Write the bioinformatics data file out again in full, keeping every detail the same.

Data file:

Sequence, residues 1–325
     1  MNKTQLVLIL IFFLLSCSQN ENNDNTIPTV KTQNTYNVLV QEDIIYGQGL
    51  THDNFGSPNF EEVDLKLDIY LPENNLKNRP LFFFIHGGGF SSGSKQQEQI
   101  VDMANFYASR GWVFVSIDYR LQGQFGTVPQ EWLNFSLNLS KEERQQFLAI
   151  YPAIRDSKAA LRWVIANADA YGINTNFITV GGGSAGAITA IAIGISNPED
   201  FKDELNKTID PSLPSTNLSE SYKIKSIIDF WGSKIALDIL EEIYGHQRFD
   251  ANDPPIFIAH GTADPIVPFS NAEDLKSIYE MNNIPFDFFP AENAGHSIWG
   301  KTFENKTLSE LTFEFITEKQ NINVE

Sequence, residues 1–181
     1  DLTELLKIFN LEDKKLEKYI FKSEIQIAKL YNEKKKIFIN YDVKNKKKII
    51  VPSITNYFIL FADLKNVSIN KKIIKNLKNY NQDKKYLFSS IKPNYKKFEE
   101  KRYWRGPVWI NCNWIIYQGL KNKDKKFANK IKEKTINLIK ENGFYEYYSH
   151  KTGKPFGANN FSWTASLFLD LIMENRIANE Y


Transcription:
Sequence, residues 1–325
     1  MNKTQLVLIL IFFLLSCSQN ENNDNTIPTV KTQNTYNVLV QEDIIYGQGL
    51  THDNFGSPNF EEVDLKLDIY LPENNLKNRP LFFFIHGGGF SSGSKQQEQI
   101  VDMANFYASR GWVFVSIDYR LQGQFGTVPQ EWLNFSLNLS KEERQQFLAI
   151  YPAIRDSKAA LRWVIANADA YGINTNFITV GGGSAGAITA IAIGISNPED
   201  FKDELNKTID PSLPSTNLSE SYKIKSIIDF WGSKIALDIL EEIYGHQRFD
   251  ANDPPIFIAH GTADPIVPFS NAEDLKSIYE MNNIPFDFFP AENAGHSIWG
   301  KTFENKTLSE LTFEFITEKQ NINVE

Sequence, residues 1–181
     1  DLTELLKIFN LEDKKLEKYI FKSEIQIAKL YNEKKKIFIN YDVKNKKKII
    51  VPSITNYFIL FADLKNVSIN KKIIKNLKNY NQDKKYLFSS IKPNYKKFEE
   101  KRYWRGPVWI NCNWIIYQGL KNKDKKFANK IKEKTINLIK ENGFYEYYSH
   151  KTGKPFGANN FSWTASLFLD LIMENRIANE Y